[Ed. note: This post is by ALEX, one of the finalists in ATL Idol, the "reality blogging" competition that will determine ATL's next editor. It is marked with Alex's avatar (at right).]
We received nearly 200 comments on the OCI Open Thread, and to my surprise, most of them were not directed solely at how badly I suck. Small victory.
Many of the comments offered helpful advice from self-professed recruiting attorneys. Others offered glimmers of hope for the anxious and the under-performing. And some left no doubt that, no matter how badly you think you’re going to do in interviews, others have done and will do worse.
First, though, take a deep breathe. A large number of 2ls from top-fifteen law schools get biglaw jobs. And many top-performing law students from other schools get biglaw jobs, too.
But even if you don’t, it’s no big deal. Seriously. OCI creates the false impression that the only sensible thing that you can do with a law degree is work at an AmLaw 100 firm. Don’t be fooled.
Being a junior associate at a large law firm is not very fulfilling. You’re not even really a lawyer; you’re a low-level corporate employee with legal knowledge. Go try a case or counsel somebody with a problem. You’ll undoubtedly wonder why you ever cared about this week.
With a little perspective, you’ll do much better in your interviews. As commenters have repeatedly pointed out to me over the last two weeks, nobody likes someone who appears to be trying too hard. If you don’t care so much, you’ll be yourself. See Exley’s excellent farewell post.
Okay, helpful advice and uncomfortable stories after the jump.
There’s a general consensus that interviews do matter. Grades are critical, but they won’t guarantee you a callback or completely close the door in your face.
Interviewers are looking for “normal” people who present well, ask engaging non-obvious questions, and appear to be easy to work with during long hours.
I’ve interviewed on-campus for biglaw firm for years. Here’s some advice – guys, don’t act cocky. No matter how good your grades are, you have a lot to learn. Ladies, don’t giggle and act ‘girly’. Be engaged, friendly and mature. Put some real thought into what information is important to you – ask thoughtful questions. Nothing is a bigger turn-off than a kid who’s phoning it in w the run of the mill “are there pro bono opportunities?” questions. If you really do want that sort of information, then think it through to why, frame your question differently, and do your research on the firm beforehand. Don’t ask me something that you could have already found out online. That’s lazy and we know it. When I interview that rare well-spoken, confident, interesting and friendly/normal kid, I’ll go to the mat to get them a callback.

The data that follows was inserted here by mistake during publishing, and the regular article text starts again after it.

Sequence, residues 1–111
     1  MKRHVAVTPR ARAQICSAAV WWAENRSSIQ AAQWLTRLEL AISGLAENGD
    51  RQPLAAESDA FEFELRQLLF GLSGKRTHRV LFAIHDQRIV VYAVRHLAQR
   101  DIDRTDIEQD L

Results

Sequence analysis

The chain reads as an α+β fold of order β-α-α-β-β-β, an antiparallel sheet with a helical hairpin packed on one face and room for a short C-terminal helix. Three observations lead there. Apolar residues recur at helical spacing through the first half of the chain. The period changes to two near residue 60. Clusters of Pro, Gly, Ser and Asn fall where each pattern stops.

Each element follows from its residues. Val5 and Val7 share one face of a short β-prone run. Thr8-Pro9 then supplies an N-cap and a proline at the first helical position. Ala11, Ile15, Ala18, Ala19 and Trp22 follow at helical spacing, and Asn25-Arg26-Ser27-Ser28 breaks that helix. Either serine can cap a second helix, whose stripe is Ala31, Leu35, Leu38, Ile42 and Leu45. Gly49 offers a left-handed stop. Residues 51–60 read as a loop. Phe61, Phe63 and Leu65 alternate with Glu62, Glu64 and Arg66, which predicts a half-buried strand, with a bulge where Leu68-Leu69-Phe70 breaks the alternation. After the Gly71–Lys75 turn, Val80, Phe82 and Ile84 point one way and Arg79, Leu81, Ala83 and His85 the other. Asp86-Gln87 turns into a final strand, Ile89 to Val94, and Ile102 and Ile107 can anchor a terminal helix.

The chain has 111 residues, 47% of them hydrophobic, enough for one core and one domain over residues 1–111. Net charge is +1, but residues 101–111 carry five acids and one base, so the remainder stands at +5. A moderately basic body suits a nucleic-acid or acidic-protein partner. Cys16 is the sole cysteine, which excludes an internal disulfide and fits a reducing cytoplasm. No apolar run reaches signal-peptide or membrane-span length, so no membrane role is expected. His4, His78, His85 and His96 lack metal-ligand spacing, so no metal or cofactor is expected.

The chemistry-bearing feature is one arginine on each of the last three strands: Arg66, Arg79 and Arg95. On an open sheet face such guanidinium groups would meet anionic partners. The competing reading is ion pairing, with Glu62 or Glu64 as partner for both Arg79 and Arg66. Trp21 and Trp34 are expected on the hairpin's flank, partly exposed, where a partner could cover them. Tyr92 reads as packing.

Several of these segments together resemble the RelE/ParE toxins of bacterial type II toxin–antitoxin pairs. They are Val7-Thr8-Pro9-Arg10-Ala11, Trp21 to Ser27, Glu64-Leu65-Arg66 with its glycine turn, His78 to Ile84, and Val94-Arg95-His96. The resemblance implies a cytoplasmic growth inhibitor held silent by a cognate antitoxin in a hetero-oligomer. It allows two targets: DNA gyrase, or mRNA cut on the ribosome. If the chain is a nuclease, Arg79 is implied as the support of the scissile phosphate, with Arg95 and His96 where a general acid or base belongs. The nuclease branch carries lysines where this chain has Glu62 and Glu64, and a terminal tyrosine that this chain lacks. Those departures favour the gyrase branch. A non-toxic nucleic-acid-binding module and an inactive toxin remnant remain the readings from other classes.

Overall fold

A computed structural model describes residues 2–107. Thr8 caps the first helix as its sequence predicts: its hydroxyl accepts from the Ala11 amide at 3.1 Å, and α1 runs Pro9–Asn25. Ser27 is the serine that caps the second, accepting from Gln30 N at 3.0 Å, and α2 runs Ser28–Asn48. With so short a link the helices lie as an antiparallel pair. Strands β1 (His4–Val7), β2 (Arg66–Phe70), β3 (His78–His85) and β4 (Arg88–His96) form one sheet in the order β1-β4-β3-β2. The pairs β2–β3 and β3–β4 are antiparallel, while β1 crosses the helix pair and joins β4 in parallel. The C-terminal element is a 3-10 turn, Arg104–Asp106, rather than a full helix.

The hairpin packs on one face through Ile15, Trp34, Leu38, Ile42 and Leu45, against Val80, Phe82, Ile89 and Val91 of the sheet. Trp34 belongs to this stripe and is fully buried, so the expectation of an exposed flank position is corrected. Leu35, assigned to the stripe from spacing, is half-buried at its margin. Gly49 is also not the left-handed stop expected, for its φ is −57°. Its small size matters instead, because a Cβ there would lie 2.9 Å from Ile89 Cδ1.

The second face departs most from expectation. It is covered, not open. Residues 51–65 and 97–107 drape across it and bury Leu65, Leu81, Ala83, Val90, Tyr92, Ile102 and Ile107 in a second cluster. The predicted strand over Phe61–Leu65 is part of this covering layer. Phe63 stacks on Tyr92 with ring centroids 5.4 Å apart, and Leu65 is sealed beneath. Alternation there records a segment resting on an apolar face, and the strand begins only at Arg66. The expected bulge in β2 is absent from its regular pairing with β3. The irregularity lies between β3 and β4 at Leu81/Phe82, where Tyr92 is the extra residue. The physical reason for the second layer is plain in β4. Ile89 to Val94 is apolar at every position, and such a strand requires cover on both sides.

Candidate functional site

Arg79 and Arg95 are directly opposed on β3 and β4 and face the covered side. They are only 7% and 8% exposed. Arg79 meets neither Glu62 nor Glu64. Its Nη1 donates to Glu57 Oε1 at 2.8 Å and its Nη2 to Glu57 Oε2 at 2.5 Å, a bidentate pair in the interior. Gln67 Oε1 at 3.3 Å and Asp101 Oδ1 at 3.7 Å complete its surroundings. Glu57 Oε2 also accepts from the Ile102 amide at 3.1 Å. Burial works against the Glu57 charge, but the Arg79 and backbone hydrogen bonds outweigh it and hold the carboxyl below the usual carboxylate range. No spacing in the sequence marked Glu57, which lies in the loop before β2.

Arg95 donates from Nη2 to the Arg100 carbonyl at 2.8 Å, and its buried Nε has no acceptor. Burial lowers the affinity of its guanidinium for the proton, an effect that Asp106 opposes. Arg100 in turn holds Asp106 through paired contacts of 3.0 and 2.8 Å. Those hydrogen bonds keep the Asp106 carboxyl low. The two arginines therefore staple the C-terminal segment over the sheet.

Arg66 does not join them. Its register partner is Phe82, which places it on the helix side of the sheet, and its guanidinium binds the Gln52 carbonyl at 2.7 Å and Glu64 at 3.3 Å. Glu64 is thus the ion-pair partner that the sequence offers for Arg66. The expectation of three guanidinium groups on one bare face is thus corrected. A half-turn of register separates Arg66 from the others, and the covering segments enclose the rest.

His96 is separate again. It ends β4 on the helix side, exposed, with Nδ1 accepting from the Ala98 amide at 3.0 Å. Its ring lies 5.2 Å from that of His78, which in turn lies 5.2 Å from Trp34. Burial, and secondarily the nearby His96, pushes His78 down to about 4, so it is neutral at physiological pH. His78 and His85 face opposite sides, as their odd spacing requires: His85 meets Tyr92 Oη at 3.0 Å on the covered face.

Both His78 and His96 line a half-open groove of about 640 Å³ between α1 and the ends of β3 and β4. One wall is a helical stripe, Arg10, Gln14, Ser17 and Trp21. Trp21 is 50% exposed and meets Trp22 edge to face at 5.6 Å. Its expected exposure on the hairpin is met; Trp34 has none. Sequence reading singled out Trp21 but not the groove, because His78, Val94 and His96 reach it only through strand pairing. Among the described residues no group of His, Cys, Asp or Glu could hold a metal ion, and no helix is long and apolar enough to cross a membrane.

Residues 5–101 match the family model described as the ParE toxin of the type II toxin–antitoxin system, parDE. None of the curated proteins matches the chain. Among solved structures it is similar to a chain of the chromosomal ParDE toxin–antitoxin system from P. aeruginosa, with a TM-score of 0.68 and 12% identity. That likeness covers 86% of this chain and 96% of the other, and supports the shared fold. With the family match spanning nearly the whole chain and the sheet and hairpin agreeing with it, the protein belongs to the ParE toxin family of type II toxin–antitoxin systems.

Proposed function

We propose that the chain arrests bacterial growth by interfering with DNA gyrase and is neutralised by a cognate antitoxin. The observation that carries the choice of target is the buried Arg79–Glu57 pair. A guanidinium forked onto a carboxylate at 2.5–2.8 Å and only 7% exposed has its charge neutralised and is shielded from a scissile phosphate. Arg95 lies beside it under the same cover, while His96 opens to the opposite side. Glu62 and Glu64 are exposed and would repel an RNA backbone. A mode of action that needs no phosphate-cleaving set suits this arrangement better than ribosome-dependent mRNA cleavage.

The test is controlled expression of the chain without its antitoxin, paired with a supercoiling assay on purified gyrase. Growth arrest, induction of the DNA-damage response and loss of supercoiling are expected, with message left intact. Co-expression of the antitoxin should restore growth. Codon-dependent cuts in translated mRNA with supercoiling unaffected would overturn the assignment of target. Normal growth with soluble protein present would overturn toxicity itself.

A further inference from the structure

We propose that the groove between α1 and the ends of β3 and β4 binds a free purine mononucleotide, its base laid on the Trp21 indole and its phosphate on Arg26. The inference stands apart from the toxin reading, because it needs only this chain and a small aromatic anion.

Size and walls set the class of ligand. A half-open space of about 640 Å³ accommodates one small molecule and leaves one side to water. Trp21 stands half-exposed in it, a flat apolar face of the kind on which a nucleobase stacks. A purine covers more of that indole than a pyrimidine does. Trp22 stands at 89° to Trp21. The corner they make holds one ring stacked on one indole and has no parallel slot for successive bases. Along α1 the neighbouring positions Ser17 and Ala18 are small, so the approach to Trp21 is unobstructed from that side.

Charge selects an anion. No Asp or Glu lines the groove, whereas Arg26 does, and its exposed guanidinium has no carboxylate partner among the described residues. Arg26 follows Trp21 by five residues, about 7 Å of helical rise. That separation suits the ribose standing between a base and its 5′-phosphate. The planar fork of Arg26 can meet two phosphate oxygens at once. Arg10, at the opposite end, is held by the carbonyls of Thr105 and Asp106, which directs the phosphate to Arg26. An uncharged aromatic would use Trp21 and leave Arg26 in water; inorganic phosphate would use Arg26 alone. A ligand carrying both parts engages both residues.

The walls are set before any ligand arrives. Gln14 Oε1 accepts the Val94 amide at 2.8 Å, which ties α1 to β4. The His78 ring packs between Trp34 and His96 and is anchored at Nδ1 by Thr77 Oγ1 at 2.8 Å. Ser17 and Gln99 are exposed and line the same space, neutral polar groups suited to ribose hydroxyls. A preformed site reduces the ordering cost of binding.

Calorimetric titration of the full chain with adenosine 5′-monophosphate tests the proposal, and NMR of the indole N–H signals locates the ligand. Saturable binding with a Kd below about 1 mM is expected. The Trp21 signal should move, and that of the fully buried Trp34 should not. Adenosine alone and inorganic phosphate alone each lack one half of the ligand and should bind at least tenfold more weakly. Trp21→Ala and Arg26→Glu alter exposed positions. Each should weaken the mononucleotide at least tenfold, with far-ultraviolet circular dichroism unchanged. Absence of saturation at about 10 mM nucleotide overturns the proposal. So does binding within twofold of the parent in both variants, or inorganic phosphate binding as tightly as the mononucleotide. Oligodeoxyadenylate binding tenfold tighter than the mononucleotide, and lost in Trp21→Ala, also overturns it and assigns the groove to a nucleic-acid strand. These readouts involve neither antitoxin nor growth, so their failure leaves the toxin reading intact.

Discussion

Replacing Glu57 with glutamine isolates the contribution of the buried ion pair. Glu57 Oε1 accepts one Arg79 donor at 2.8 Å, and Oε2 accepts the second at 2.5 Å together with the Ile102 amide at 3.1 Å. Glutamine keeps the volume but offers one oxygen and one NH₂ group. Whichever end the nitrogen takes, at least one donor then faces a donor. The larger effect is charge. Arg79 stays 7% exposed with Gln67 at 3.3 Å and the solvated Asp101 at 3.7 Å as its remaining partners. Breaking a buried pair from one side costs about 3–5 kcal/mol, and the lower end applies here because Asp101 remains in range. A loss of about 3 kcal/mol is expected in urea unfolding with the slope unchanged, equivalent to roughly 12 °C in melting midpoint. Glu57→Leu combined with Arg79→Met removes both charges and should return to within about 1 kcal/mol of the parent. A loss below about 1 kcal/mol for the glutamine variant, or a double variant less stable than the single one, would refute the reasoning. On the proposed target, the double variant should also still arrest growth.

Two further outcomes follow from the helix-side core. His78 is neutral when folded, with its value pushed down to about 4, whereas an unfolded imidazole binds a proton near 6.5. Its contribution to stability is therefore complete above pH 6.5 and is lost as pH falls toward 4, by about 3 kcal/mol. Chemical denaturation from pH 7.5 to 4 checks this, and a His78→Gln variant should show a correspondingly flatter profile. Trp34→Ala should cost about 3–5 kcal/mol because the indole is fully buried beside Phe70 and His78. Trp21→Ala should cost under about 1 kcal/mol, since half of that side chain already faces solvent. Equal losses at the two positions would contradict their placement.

You should be prepared to discuss everything on your resume. It wouldn’t hurt to rehearse your spiel for each item.
Discussing your interests is generally a good thing: it gives the interviewer a break from the monotony, and it presumably gives you an opportunity to be articulate about something. Be careful, though. You don’t want your interests to be too vanilla or too esoteric.
There’s some confusion over my quip about discussing an interviewer’s bio. You should definitely know your interviewers’ bios. For sure. But actually discussing the bio is fraught with peril. I think there are very few times that mentioning something from an interviewer’s bio doesn’t appear clumsy or forced. There are times, of course, when it’s natural: if your interviewer is in a certain practice group that you’re interested in, it’s natural to ask what his experience has been in that practice group. Questions that begin with “I saw on your bio,” though, are probably unnatural unless you can really shore it up (e.g., “I wrote an article about the exact same topic”). Also, as the comments suggest, you don’t want to appear to be a stalker; if you must discuss the interviewer himself, do not go outside of the four corners of the firm bio.
Just don’t sound like a douche-bag, and you’ll do great.
Your interviews will almost certainly go better than these:
White DC Latham interviewer at HLS got my asian name mixed up with another asian name and kept calling me by my wrong name and looked at the wrong resume throughout the interview. I kept correcting him and stating that I thought he had the wrong resume, but he refused to admit it. I didn’t get the callback, so I guess the other asian dude had crappy grades. “I was set on working abroad, so I made sure during OCI that I had interviews set up for every firm that indicated it had a foreign office. London, Paris, Hong Kong. One firm had listed Vienna as one of its offices, but I was so thick that I didn’t realize that it was Vienna, VA (I’m from the west coast – who ever heard of Vienna, VA?) Of course, my answer to the question “Why are you interested in our firm?” referenced my belief that I could end up working in Austria. That was sure embarassing. My interviewer walked out of his hotel room bathroom without his suit pants, but with his boxer shorts and socks still on. Yes, just like a Seinfeld episode. I had to try and decide if he just FORGOT, or was testing me to see if I’d comment. I am male, and married, so it wasn’t SH, just odd.
And you never know, you might totally screw up your interview and still get a job:
The best OCI interview didn’t take place. Slept through the initial interview and 5 days later got the letter . . .”Thank you for interviewing . . . blah, blah, blah. We would like to invite you for additional interviews in the firm’s New York offices”